Dunfermline has several retail parks. Carnegie Retail Park abuts the northern boundary of the town centre and contains a number of well-known retailers. Halbeath Retail Park is located on the eastern edge of the town adjacent to the Carnegie College (formally Lauder College). Halbeath Retail Park contains a large ASDA foodstore, a number of bulky goods retailers and a restaurant. Tesco and ASDA are the major supermarket operators in the town. ASDA has two branches, one situated in Halbeath Retail Park and a smaller store on St Leonard's Street. Tesco is located off Aberdour Road forming part of the eastern expansion's district shopping centre, this has recently been given planning consent for a large extension. The district centre also includes an Aldi store and a parade of shop and commercial units.
Plans have been submitted to develop a large Tesco Extra store on the Thomson's World of Furniture site on Bruce Street in the northwest of the town centre. Rival proposals have also been put forward for a major mixed use development on the same site.[8]

Culture

Music

Dunfermline has always had a folk music tradition. Local groups include the Dunfermline Folk Club, Dunfermline Abbey Choir and Dunfermline district pipe band. Live Music Venues, also have had a strong prominence in Dunfermline with the likes of Montys and PJ Molloys. Many night clubs are also present such as Harlem, Johnson's, Life and Lorenzo's(Formerly Urban). Velocity serves as both a nightclub and music venue(previously Kinema, The Ballroom and other names) and are mainly concentrated around the city centre. http://dunfermlineguide.co.uk/entertainmentdunfermline.aspx Nazareth, Big Country and The Skids are among the famous bands to come out of Dunfermline in terms of popular music.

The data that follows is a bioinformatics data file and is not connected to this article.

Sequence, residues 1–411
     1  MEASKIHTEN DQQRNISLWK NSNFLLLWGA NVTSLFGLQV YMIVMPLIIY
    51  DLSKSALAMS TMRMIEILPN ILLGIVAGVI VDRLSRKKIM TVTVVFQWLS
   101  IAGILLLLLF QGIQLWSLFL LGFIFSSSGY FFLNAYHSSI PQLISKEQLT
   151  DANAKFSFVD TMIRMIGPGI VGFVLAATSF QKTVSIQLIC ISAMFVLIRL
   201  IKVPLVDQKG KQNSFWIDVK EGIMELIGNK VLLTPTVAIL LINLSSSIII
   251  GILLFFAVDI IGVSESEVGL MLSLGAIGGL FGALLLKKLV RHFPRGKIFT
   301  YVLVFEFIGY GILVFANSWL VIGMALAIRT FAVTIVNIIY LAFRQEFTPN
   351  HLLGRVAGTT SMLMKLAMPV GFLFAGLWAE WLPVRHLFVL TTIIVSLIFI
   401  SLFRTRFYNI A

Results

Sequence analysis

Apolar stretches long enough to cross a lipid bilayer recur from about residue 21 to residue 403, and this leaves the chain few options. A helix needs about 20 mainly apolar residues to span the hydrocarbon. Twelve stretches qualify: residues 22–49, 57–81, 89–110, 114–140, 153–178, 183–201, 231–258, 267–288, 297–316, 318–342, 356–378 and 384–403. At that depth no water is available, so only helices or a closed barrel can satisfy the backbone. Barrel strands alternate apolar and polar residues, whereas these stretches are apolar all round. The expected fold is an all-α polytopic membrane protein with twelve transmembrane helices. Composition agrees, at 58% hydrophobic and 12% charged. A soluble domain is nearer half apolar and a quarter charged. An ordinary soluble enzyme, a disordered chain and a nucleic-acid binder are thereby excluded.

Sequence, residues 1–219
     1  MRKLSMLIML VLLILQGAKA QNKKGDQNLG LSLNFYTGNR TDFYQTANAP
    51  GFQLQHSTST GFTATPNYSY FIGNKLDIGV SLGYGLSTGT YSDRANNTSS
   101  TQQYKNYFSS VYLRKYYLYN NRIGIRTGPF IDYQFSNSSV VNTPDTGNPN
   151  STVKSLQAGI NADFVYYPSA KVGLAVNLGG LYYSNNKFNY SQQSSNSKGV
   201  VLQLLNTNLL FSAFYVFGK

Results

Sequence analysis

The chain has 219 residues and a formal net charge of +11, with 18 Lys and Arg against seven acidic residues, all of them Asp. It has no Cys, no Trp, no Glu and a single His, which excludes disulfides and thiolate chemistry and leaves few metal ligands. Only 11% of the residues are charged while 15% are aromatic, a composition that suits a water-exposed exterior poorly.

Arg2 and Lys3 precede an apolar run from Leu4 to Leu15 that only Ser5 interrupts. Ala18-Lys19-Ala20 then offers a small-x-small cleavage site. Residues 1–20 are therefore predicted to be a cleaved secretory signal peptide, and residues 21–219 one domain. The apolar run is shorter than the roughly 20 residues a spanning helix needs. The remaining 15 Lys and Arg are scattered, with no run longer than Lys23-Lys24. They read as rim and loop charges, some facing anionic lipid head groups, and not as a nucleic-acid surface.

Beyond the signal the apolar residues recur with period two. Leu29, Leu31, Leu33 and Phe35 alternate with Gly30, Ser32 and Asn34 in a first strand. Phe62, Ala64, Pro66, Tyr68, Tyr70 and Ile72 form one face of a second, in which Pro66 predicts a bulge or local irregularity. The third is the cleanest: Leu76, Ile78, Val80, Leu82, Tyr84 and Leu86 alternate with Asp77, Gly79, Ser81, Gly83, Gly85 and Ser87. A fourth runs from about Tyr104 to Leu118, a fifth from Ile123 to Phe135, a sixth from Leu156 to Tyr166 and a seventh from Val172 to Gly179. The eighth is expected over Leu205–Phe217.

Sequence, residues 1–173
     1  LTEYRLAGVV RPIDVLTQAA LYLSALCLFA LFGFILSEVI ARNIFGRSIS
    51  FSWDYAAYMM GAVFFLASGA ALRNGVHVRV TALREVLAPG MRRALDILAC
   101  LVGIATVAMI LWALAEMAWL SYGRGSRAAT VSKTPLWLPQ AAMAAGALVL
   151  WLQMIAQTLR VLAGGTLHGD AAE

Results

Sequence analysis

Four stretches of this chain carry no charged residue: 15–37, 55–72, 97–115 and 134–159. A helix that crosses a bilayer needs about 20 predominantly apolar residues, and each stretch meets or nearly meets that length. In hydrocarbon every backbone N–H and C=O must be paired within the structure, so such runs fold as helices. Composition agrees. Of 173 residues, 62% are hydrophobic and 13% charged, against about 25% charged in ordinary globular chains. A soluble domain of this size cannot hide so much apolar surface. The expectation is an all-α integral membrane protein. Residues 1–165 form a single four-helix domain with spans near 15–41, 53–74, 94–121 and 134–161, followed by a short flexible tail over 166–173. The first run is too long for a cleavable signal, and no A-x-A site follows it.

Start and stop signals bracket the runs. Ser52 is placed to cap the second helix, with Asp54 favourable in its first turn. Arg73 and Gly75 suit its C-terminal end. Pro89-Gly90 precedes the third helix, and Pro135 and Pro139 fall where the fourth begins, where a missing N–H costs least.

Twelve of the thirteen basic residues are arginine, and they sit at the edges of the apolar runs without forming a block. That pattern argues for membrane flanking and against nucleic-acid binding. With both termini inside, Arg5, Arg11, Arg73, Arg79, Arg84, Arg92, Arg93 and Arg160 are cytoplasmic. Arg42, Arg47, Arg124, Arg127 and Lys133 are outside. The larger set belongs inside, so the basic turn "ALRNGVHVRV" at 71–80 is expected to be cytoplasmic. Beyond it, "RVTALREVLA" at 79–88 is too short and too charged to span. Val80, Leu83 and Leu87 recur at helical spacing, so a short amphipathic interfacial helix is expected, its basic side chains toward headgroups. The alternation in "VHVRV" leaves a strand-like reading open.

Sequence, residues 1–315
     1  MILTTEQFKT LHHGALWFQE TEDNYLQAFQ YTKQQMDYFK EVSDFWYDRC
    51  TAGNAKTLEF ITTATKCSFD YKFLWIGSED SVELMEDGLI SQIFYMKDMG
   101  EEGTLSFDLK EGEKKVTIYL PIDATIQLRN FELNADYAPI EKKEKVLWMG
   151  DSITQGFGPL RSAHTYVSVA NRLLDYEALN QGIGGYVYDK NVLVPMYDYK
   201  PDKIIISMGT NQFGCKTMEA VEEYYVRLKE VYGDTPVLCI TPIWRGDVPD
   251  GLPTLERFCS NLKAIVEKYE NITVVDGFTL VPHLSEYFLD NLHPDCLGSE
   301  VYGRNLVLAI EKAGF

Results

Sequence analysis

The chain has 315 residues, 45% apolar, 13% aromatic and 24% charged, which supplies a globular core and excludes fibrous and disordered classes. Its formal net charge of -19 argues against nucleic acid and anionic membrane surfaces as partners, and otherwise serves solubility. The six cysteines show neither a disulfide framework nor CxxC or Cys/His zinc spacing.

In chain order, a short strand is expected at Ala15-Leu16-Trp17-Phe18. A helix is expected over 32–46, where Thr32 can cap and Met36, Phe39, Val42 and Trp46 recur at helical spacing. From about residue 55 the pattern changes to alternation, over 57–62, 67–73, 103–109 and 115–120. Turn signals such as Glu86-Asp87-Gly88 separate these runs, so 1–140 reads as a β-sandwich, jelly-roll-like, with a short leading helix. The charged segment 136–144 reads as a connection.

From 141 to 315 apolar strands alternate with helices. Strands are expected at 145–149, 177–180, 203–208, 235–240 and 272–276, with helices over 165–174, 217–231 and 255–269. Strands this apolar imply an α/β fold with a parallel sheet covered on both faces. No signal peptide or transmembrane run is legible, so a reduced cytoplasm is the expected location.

Theatre

Dunfermline is fortunate to have been bequeathed with two theatres, the Carnegie Hall Theatre and the Alhambra.
Carnegie Hall is a 540-seat theatre complete with a music institute and a restaurant. The theatre was gifted to Dunfermline by philanthorpist, Andrew Carnegie. http://www.attfife.org.uk/attFife/index.cfm?fuseaction=org.FATFAC&contentID=79B6E643-F530-11D5-8DD500508BBD18A1
The Alhambra Theatre was founded in 1922, operating for many years in the town, until the site was sold to a bingo club in 1965. The theatre is one of the most impressive in Fife holding at least 1000 seats, with much of the original building work intact and will be a benefit in the city centre with the on-going regeneration project. The theatre is due to re-open, by late 2009. The Alhambra campaign, ALhambra Alive, had a launch in the theatre in late winter 2007. http://www.britishtheatreguide.info/news/dunfermlinealhamba.htm http://news.bbc.co.uk/1/hi/scotland/edinburgh_and_east/6981839.stm

Museums

Dunfermline has three museums located in and adjacent to the town's centre. The Carnegie Birth Place Museum is located at the southern gateway to the town centre. It contains artefacts relating to Dunfermline's most famous son, philanthropist Andrew Carnegie. The Abbotts House Heritage Centre is located in the historic core of the town centre on Maygate. It contains exhibits relating to Dunfermline and its place in history. The Pittencrieff House Museum is located in Pittencrieff Park adjacent to the town centre. It contains exhibits and artefacts relating to the history and formation of the Park over 350 million years.

Health

Queen Margaret Hospital

Queen Margaret is the main general hospital for Dunfermline and the west fife catchment area.http://www.jobs.scot.nhs.uk/uploads/75/Consultant%20Radiologist%20general%20Vascular%20combined.rtf The hospital was built in two stages between 1985 and 1993. The hospital has many services including an A&E department and a nearby railway station.http://www.fife.gov.uk/atoz/index.cfm?fuseaction=facility.display&FacId=6F7FECBC-52C5-4D02-99C87B9B02E6328F

Lynebank Hospital

Lynebank, opened in 1968. The hospital deals primarily with pyschatric and paediatric patients. http://www.specialistinfo.com/thget.php?t=t_chst&r=FIFEH3

Education

Primary Schools

Dunfermline has 16 primary schools:
  • Bellyeoman Primary School
  • Canmore Primary School
  • Commercial Primary School
  • Duloch School
  • Lynburn Primary School
  • Masterton Primary School
  • McLean Primary School
  • Milesmark Primary School
  • Pitcorthie Primary School
  • Pitreavie Primary School
  • Pittencrieff Primary School
  • St.Leonard's Primary School
  • St.Margaret's RC Primary School
  • Touch Primary School
  • Townhill Primary School
  • Wellwood Primary School

Secondary Schools

There are four High Schools in Dunfermline. These are: